Homewood House Museum to Open Its Third Annual Exhibition
Colonial Revival is sometimes seen as a discrete style period, which began in 1876 and continued into the 20th century. Its popularity rests partly on an ongoing fascination and sentiment for America's pre-industrial, colonial past. Homewood House, built beginning in 1801 as a wedding present from Charles Carroll of Carrollton to his son Charles Carroll of Homewood, underwent its earliest restoration efforts in the early 20th century and is considered to be one of the finest examples of Federal architecture in America.
"Homewood in the Colonial Revival" examines the early 20th century restoration of Homewood House and its architectural influence on the local, national and international level. It's most immediate influence is the surrounding campus of The Johns Hopkins University in Baltimore. As a subject of style and affluence, however, the stately home has been influential in architecture for example, the diplomatic residences in Liberia and Nicaragua--and as an image for marketing a wide variety of products. The exhibition will spotlight examples of Homewood's influence in the promotion of products from silver and pork to furniture and works of art including an in-depth focus on Potthast Bros. Inc. and Carroll family antiques.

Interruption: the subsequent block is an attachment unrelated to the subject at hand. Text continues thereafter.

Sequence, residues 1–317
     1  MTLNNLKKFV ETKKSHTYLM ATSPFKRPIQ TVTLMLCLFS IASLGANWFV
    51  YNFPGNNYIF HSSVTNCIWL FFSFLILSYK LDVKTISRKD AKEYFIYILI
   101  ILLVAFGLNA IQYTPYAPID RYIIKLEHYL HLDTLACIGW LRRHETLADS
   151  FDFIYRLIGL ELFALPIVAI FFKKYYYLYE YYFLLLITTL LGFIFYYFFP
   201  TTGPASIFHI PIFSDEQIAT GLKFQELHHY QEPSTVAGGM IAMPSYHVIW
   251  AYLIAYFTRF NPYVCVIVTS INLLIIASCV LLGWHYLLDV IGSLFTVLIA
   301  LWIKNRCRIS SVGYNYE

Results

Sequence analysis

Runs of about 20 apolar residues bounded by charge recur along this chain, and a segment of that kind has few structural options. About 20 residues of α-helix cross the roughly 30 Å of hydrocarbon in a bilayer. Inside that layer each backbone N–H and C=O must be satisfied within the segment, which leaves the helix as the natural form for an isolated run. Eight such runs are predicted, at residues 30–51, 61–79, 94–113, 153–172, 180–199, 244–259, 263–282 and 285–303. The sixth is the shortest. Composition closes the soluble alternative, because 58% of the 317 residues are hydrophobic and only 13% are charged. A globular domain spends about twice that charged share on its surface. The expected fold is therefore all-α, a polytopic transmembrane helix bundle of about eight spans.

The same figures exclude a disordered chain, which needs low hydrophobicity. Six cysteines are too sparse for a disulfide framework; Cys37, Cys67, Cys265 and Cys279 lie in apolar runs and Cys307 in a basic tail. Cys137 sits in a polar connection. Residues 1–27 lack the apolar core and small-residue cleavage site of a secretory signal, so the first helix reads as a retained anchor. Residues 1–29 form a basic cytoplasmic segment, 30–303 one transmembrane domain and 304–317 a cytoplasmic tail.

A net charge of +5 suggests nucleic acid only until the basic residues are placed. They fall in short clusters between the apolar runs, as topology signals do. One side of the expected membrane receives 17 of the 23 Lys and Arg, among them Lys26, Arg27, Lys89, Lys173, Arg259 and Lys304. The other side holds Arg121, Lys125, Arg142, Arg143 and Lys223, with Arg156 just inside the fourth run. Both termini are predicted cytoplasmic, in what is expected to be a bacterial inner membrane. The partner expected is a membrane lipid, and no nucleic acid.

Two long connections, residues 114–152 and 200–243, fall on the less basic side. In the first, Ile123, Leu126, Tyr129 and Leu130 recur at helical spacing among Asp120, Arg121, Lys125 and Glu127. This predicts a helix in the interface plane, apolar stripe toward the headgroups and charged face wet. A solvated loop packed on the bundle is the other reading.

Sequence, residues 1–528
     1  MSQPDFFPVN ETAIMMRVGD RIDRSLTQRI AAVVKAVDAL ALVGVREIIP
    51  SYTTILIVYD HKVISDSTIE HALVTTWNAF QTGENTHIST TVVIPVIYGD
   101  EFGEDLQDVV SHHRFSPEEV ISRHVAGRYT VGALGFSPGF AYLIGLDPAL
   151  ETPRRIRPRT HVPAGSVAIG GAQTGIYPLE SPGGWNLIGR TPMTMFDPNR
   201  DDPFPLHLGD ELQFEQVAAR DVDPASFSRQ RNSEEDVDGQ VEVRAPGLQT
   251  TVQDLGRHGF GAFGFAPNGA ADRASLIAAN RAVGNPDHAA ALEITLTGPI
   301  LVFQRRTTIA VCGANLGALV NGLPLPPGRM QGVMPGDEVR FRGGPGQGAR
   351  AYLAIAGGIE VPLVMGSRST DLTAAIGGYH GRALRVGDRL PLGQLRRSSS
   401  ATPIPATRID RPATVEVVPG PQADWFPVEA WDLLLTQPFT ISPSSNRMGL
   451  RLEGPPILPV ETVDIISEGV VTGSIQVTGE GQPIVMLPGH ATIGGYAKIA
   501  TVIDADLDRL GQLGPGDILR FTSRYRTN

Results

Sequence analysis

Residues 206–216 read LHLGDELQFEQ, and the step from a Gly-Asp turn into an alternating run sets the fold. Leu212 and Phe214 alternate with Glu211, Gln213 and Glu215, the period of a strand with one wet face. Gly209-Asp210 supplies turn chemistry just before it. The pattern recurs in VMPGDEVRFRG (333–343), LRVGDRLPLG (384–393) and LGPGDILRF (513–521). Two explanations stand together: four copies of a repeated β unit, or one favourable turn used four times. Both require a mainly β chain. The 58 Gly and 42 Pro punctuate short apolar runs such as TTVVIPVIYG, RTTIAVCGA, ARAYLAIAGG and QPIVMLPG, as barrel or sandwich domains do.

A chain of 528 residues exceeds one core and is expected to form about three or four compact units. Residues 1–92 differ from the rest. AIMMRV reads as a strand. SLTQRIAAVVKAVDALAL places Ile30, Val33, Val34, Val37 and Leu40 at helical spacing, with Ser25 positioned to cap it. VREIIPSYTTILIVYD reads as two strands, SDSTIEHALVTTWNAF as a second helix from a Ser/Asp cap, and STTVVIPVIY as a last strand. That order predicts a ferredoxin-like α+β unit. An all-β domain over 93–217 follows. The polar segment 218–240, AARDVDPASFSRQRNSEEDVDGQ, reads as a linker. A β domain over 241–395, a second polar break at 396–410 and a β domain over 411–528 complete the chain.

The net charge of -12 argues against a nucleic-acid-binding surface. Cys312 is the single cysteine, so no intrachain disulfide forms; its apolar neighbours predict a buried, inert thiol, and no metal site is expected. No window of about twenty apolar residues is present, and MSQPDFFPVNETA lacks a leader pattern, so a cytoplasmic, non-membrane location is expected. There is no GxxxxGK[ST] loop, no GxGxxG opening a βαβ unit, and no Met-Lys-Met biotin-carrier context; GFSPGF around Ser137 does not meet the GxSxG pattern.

The exhibit will open to the public on Jan. 16, with remarks by curator Catherine Rogers Arthur at 2 p.m., and will run through Monday, April 12, 1999.
Exhibition programs include:
Homewood House Museum, located on The Johns Hopkins University's Homewood campus, 3400 N. Charles St. in Baltimore, is open Tuesdays through Saturdays, 11 a.m. to 4 p.m. and Sundays, noon to 4 p.m. Admission to "Homewood in the Colonial Revival" is included in the regular museum admission of $6 for adults, $5 for seniors and $3 for students. Special program fees are not included in the regular museum admission. For more information on "Homewood in the Colonial Revival" or other related programs, please call 410-516-5589.
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